The paper presents the results of a wind tunnel study that was carried out with a model of GVA 5000 - a fully enclosed semisubmersible drilling unit - equipped with alternative derrick designs. The tests were carried out in a simulated natural ocean wind in order to determine the total overturning wind forces and moments to be used for stability analysis and anchoring force analysis. The study comprises five alternative derrick designs: An open lattice derrick with full set back, a semi shielded derrick, a totally shielded derrick, a shielded derrick with round corners and shielded derrick with circular sections. Results are presented both for upright and heeled conditions. Also two different helidecks and a more open deck arrangement were investigated. The influence of the Reynolds number has been accounted for on the basis of theoretical considerations.
The research work can be applied by designers and operators of semisubmersible drilling rigs in the assessment of the influence of the derrick on the wind forces. This is of interest in connection with the analysis of stability and anchoring forces.
The results are presented in non-dimensional form in tables and figures quantifying the wind load coefficients for the tested conditions.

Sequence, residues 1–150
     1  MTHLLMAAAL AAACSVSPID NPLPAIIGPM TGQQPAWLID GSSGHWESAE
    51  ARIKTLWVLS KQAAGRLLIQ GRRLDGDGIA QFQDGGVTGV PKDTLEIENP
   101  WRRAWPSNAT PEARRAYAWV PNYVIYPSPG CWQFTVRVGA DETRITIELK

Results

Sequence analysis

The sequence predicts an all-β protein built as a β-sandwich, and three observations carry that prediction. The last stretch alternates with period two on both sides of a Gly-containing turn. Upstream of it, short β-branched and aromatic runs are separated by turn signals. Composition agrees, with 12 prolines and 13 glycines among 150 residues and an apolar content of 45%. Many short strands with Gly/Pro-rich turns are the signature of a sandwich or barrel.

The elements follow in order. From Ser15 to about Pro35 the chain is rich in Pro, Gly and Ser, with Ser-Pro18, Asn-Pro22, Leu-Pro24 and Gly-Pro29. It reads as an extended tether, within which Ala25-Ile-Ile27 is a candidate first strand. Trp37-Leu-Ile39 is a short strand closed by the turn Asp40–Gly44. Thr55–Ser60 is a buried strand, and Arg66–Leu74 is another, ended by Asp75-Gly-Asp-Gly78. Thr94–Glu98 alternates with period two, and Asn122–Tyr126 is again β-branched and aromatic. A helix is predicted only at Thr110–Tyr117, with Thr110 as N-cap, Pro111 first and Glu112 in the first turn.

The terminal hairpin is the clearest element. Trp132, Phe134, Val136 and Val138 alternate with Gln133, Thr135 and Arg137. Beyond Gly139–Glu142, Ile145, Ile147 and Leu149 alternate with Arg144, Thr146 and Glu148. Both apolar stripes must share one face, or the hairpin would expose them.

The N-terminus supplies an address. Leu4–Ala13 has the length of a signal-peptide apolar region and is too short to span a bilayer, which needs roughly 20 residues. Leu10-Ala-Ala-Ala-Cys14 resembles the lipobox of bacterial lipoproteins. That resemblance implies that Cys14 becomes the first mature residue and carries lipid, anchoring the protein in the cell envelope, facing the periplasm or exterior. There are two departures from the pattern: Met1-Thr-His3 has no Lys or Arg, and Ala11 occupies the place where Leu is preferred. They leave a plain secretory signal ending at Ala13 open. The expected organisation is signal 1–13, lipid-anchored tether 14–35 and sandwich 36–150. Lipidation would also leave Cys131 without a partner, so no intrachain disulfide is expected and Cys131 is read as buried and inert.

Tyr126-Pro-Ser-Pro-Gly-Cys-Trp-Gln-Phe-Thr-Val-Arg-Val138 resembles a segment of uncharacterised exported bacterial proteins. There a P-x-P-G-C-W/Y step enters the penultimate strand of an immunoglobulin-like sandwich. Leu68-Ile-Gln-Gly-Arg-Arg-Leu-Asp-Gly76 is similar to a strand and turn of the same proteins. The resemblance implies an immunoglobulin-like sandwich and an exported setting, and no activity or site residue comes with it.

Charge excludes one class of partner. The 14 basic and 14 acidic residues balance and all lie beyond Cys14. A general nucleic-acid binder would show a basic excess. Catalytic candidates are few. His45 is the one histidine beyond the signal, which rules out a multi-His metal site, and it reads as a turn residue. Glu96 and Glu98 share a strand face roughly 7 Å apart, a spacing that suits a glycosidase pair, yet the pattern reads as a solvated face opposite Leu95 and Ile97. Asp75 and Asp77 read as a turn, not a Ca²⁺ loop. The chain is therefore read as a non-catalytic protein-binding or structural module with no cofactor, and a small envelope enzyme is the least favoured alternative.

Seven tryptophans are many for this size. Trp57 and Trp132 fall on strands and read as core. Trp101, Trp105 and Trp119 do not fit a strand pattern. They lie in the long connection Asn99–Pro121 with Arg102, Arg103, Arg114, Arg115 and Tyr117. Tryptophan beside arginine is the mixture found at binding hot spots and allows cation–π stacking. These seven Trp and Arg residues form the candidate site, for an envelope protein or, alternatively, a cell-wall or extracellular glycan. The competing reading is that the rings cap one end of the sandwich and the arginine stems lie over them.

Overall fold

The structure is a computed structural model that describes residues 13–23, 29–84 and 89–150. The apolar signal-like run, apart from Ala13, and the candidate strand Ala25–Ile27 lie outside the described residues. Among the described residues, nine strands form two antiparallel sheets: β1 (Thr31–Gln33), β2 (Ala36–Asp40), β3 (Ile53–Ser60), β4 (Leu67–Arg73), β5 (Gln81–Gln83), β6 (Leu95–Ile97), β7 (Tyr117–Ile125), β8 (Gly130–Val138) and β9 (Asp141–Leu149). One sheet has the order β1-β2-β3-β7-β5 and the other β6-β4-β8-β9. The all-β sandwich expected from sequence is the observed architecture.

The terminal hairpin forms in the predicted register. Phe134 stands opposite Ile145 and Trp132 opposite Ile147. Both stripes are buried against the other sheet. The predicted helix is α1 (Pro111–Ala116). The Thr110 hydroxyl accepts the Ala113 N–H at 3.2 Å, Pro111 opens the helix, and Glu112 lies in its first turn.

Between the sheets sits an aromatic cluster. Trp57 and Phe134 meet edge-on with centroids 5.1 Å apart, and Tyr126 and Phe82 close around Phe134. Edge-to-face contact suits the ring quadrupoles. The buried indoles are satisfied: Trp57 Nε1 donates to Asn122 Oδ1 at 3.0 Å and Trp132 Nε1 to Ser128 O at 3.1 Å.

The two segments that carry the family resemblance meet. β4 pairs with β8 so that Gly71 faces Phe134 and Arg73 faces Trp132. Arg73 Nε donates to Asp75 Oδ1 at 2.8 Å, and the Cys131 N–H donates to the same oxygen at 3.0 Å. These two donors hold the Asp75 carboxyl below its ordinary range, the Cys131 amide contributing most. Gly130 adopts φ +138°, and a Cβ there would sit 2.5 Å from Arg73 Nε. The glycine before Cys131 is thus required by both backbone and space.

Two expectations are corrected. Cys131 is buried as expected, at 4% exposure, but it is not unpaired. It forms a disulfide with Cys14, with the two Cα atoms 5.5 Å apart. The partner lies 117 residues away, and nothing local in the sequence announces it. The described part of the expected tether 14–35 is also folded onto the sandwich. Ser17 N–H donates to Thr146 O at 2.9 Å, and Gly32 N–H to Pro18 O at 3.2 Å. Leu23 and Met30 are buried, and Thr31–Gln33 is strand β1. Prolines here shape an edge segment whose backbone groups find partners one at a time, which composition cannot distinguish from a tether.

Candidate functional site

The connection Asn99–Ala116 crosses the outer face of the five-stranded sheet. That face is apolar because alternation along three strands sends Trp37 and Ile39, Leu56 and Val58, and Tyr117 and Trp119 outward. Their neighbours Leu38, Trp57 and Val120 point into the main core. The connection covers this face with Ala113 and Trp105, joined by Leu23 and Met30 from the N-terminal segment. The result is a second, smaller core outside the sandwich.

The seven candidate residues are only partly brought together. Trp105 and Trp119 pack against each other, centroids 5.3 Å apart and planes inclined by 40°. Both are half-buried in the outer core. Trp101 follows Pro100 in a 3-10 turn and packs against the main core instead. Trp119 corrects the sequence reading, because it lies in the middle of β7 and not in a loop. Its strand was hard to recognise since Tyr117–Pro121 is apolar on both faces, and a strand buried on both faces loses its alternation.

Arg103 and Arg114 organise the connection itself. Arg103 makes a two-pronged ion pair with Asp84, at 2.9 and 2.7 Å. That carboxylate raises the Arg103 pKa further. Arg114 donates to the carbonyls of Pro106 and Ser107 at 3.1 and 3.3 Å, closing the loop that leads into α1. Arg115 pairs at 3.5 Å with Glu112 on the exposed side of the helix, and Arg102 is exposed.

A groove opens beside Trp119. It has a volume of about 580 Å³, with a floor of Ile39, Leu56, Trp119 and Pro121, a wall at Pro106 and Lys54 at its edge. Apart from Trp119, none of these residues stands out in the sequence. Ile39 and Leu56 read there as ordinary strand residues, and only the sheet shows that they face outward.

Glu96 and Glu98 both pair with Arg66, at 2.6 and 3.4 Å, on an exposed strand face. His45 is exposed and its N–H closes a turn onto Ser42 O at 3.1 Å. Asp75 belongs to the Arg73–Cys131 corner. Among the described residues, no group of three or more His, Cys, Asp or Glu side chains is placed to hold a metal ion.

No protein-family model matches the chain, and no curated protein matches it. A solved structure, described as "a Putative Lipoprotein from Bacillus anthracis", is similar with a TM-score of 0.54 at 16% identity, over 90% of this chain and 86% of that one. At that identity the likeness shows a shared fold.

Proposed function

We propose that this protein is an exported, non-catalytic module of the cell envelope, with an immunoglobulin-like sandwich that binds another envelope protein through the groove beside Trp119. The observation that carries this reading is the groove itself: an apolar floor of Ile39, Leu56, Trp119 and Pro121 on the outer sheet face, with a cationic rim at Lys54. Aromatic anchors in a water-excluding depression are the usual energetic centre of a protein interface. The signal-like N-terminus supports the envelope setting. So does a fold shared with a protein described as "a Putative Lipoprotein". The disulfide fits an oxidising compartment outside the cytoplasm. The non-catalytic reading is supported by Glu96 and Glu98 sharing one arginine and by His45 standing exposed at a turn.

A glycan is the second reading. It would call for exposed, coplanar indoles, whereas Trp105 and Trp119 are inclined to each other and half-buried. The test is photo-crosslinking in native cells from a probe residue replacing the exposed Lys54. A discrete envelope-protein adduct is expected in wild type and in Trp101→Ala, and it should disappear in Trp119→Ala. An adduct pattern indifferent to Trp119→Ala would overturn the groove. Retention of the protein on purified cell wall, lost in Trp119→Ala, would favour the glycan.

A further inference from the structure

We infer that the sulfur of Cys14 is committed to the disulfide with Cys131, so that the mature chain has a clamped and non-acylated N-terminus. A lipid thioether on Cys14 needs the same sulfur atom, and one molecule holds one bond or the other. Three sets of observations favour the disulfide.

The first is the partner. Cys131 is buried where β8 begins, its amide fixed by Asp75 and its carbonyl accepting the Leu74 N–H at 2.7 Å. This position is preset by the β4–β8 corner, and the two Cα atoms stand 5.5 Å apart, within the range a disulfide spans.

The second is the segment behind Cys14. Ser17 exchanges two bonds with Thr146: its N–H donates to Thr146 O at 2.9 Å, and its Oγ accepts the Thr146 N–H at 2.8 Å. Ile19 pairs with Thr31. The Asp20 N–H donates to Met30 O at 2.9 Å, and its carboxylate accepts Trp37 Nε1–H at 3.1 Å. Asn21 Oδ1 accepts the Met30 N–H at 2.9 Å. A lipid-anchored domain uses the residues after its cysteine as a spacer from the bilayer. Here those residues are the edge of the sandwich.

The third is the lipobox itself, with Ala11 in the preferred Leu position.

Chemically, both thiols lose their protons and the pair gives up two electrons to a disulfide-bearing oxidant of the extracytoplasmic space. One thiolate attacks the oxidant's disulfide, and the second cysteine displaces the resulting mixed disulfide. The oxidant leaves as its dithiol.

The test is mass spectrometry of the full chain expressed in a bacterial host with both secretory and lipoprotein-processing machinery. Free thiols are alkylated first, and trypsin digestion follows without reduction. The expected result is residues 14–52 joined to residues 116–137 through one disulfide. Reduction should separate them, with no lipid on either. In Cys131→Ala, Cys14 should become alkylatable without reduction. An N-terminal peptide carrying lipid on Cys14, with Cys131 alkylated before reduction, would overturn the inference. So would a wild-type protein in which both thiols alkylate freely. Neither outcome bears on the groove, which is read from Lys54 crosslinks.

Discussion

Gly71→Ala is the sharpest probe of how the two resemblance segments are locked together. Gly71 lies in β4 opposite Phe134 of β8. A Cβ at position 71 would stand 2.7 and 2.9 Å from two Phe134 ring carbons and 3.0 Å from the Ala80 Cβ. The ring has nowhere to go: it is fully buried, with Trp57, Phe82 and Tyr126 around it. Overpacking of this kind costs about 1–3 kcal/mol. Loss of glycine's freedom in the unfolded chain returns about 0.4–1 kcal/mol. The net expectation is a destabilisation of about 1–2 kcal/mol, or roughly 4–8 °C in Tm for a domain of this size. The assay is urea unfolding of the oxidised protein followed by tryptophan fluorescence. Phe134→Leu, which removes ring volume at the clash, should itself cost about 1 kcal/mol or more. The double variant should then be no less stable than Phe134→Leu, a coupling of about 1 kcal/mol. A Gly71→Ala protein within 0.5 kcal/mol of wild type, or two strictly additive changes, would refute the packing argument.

It is concluded that the derrick accounts for a considerable part of the drag force and wind overturning moment of a semisubmersible and the investigation reveals to what extent these forces and moments can be affected by a change in derrick design.
In the search for oil and gas great interest has in recent years been paid by national and international offshore operators to hostile areas with low air temperatures. Such waters are the continental shelves offshore Alaska, Labrador and Newfoundland, and Northern Norway. Characteristic for drilling operations in these areas compared to what the industry has been used to from the environmental point of view are:
low air temperatures causing icing and freezing problems,
high wind speeds which in combination with the low air temperatures drastically increase the chilling effects,
rough waters with high waves both as extreme values and seasonal average values. In the contacts between the waves and the offshore structure the wave crests are smashed to spray, and the dropplets in combination with the cold strong wind are well spread around the structure and freeze to ice on contact with it, and
low visibility due to darkness and fog.
The coverings of the working areas maintain the high degree of personal and equipment efficiency despite the low air temperatures and strong winds, but it also improves the personnel safety by preventing from down falling ice from derrick and crane booms.